NEMA AB4 Covers MCCB Field Inspection and PM Free standard Replace not Repair
MCCB Interrupting Ratings MCCB have a single short circuit rating, stated in rms symmetrical amps using ½ cycle network. However, breaker testing is done at a specific power factor. If your system’s X/R exceeds the test value, the breaker must be de-rated. This is done automatically using SmartDuty. Interrupting RatingTest Power FactorEquivalent X/R 10 kA and below0.51.7 >10 kA<20 kA0.33.2 20 kA and above0.24.9
X/R Ratio Key Factor in Breaker Ratings Determines peak ½ cycle current Determines magnitude of interrupting current Even for breakers rated on a symmetrical basis, peak current is still the critical value If system X/R exceeds test X/R, breaker must be de-rated. De-rating is done by INCREASING the DUTY amps
Coordination Between MCCBs General case – do not coordinate May coordinate below certain levels of fault current if the maximum fault current is less than the instantaneous pickup of the upstream breaker
MCCBs in Series NEC Does Not Require Selective Coordination Except for Emergency Power Systems MCCB manufacturers now testing for series coordination between breakers to compete with fuses on selective coordination
Series Coordination of MCCBs: Valid only by test Test data shows MCCBs will coordinate even though curves overlap on TCC Limited to same manufacturer Valid up to a maximum fault current Tracked in EasyPower Library Data NOTE: Do not confuse “Series Coordination” with “Series Rating”. These are two different concepts.
MCCB Series Ratings Conservative approach: All breakers rated for maximum Isc at their location. (Sleep well) But, when interrupting faults, MCCBs do have a “dynamic impedance” that is ignored in fault calcs. This reduces fault current to downstream breakers. With proper testing, MCCBs can have a higher interrupting rating when there is another MCCB upstream that will see the same fault. Must be tested combination – so must be same manufacturer. Will not coordinate for high levels for fault current Covered in EasyPower library data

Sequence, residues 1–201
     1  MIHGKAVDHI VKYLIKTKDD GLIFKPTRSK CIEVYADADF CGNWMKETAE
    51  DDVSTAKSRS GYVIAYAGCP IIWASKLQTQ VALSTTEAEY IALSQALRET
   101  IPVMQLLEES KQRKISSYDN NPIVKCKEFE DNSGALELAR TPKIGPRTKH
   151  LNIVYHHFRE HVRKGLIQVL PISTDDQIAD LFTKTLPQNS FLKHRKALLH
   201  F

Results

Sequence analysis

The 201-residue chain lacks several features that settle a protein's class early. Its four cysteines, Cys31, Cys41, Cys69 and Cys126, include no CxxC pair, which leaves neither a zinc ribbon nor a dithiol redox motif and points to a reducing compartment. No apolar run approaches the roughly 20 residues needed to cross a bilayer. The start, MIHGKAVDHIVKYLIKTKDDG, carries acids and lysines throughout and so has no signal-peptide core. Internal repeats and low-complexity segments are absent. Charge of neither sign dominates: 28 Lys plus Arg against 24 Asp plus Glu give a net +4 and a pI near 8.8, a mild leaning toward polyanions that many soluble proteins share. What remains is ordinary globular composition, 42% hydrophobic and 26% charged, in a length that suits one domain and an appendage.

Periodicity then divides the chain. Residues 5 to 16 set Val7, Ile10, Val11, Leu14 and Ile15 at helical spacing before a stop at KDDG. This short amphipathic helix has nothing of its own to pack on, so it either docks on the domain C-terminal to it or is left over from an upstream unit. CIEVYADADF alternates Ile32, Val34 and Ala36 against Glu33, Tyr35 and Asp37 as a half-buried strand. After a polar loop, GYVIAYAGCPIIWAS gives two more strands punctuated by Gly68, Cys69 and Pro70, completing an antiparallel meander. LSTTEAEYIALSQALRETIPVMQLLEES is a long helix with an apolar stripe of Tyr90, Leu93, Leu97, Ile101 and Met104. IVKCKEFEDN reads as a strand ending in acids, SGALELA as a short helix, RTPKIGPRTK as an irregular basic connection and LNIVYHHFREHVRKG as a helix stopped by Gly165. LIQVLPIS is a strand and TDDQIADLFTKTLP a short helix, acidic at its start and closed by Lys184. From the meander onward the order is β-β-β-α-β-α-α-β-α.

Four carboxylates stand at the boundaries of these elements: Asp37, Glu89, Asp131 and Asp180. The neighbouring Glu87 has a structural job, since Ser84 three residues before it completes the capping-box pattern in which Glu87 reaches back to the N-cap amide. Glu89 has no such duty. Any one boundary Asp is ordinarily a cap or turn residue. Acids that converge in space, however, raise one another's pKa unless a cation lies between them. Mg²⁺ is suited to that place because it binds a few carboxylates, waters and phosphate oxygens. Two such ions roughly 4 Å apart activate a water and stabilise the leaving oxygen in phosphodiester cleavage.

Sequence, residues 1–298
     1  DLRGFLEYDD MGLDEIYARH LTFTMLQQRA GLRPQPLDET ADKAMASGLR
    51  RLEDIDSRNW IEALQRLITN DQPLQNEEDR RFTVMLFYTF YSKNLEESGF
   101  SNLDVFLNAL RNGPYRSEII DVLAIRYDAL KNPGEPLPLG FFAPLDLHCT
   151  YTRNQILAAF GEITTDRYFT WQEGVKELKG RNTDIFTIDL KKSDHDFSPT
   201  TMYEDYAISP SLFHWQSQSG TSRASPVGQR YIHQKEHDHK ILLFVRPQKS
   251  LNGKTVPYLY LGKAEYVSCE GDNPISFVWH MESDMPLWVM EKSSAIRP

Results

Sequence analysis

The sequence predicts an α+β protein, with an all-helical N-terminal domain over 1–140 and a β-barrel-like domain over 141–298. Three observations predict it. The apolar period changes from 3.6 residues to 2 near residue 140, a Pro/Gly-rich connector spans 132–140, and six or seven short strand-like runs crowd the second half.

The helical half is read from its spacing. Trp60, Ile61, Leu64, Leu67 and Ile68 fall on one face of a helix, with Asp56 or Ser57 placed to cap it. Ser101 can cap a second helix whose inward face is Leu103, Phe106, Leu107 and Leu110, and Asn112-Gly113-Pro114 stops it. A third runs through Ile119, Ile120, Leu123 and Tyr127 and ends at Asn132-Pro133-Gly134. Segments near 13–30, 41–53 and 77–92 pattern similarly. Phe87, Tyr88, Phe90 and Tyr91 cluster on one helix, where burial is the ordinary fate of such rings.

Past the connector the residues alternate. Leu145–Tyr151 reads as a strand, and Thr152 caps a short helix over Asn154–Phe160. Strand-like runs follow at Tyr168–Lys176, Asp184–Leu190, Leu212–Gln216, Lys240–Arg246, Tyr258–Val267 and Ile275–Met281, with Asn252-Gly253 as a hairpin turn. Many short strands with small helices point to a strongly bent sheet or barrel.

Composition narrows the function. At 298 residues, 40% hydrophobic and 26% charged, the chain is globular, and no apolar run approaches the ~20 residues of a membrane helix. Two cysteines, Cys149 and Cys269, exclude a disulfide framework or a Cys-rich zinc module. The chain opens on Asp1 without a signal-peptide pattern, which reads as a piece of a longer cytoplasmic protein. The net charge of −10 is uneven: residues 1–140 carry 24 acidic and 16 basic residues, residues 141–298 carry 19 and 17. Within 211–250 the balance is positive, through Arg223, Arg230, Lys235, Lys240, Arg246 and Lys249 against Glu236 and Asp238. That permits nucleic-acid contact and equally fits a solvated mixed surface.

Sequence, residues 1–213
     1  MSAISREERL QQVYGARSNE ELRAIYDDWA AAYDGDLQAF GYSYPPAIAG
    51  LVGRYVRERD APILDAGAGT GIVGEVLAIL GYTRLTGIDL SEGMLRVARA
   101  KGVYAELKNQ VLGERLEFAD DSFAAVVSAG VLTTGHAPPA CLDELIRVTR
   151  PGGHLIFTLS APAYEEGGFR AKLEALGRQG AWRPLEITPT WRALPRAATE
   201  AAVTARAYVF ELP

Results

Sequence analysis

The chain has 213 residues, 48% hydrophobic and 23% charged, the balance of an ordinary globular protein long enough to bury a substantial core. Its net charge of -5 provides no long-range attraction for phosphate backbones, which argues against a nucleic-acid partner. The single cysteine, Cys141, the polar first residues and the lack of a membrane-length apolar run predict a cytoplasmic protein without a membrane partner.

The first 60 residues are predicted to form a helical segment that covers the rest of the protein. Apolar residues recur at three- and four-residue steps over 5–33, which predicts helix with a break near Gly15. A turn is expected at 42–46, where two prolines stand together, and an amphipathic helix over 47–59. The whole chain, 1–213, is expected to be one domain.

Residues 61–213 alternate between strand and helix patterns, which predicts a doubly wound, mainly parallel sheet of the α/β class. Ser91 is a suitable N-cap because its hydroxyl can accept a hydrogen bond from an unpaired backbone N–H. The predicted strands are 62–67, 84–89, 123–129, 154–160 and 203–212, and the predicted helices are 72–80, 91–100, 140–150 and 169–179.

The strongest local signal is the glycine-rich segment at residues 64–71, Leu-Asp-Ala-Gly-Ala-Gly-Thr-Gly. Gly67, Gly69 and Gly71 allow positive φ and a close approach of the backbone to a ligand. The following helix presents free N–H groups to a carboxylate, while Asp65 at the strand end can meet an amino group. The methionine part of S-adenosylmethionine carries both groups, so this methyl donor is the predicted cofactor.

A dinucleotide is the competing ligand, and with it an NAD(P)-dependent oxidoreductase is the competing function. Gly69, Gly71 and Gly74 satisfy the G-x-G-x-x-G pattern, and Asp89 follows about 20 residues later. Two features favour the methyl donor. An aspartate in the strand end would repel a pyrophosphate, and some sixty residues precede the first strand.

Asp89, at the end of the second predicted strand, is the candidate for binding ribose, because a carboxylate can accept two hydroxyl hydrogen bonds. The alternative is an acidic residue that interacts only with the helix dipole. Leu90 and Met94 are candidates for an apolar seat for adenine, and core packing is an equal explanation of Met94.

Use of Series Ratings Intended for smaller distribution panels and circuits where loads are primarily branch circuits (lighting, receptacles, etc) Cannot safely apply series ratings if there are substantial downstream motor loads. EasyPower defaults to fully rated – series rated must be selected.
Motor Contribution Problem Motor contributions may not be seen by the upstream device that is the basis for the series rating. Series rating cannot be used in this case.
100% Rated MCCBs Standard MCCBs rated for 100% current continuously in OPEN AIR. In an enclosure, they are generally limited to 80% continuous current Continuous is defined as 3 hours This is the basis of the NEC load calcs using 125% of continuous load (1/1.25 = 0.8)
Limitations of 100%-Rated MCCBs 100% Rating requires minimum enclosure size to limit heating Requires electronic trip unit Requires 90 deg C insulation applied at 75 deg C ampacity Not always an option More prevalent for larger breakers.
MCCBs and Arc-Flash For buses protected by MCCBs: – If arcing fault is cleared on magnetic trip, incident energy will be low - but coordination may be poor – If cleared by thermal element, incident energy will be HIGH – This assumes the breaker will actually trip!
Arc-Flash Example Let’s look at a quick example in EasyPower We’ll see how MORE fault current is better than LESS fault current when protected by a molded case circuit breaker.
MCCB Modeling in EasyPower Library Data is based on manufacturer data TCC range varies Lots of breakers with similar names – must get exact match Use Find Style whenever possible Generic TCCs are OK for Arc Flash calcs if actual data not available.
MCCBs in EasyPower Library Separate library entries for ANSI/UL and IEC rated devices. If you find an MCCB that is not in the library, send data to Tech Support and we will add it to the library at no cost – for all customers on maintenance.